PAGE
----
Is There Help For Ocd?

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Although there is no absolute cure for OCD at this point, there is substantial help available for those who suffer from this disorder. Life for the OCD sufferer can become normalized so that the symptoms don’t interfere with everyday living. With effective treatment, people with this disorder can live full, productive, and normal lives.

Psychotherapy, including cognitive-behavioral therapy, is an important part of recovery from OCD. This form of therapy provides the tools and skills necessary for managing obsessional and compulsive behavior. One helpful therapeutic tool used with OCD is exposure and response prevention.

This technique reduces the anxiety associated with obsessive thoughts through a process called habituation. When a person is exposed to anxiety repeatedly, the nervous system gradually adjusts to the anxiety (just as our hands adjust to being dipped in cold water after a period of time).

Thus, we learn to tolerate the anxiety associated with obsessive thinking and decrease the need to engage in compulsive techniques for reducing the anxiety. Psychotherapy also aims to challenge the faulty thinking patterns that drive and maintain the obsessive thoughts. Another valuable technique is called mindfulness, in which we increase our awareness of the thoughts that guide our debilitating behavior.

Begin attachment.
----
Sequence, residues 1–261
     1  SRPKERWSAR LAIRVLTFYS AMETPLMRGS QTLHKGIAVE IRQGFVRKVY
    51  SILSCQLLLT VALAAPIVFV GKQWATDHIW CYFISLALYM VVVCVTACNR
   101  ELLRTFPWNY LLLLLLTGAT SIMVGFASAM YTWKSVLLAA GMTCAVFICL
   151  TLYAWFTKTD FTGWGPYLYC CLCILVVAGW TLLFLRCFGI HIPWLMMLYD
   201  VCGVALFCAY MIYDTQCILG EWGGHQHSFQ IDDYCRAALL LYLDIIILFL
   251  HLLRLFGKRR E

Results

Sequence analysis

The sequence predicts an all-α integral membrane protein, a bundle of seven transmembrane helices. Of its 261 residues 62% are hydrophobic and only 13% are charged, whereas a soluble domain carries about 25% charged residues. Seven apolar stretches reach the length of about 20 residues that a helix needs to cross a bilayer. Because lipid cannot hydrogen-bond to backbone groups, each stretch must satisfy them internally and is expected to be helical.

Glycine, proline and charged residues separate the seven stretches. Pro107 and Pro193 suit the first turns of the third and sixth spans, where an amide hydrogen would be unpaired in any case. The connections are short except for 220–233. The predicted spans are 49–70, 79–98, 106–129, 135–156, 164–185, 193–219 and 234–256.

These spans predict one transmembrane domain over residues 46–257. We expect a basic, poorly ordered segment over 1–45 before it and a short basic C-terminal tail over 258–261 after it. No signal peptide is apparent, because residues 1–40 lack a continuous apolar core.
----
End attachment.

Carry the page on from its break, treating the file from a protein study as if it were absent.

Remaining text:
Supportive therapy with a concerned professional can help the person to gain knowledge and courage to try to deal with anxieties without resorting to obsessional thoughts and compulsive behavior.

An important component of therapy is to bring other family members into the process so that they can learn appropriate ways of coping with the disorder and provide a supportive and understanding environment for the sufferer.

Most people who suffer from OCD try to keep their condition secret and may engage in denial. The first step in overcoming this debilitating circumstance is to make an appointment to talk to a professional psychotherapist. The sessions with your therapist are safe, trustworthy, and supportive. Getting your condition under control is a challenge – but things will only get better after making that first call. Help and hope are just a phone call away.

Additional Resources: ADHD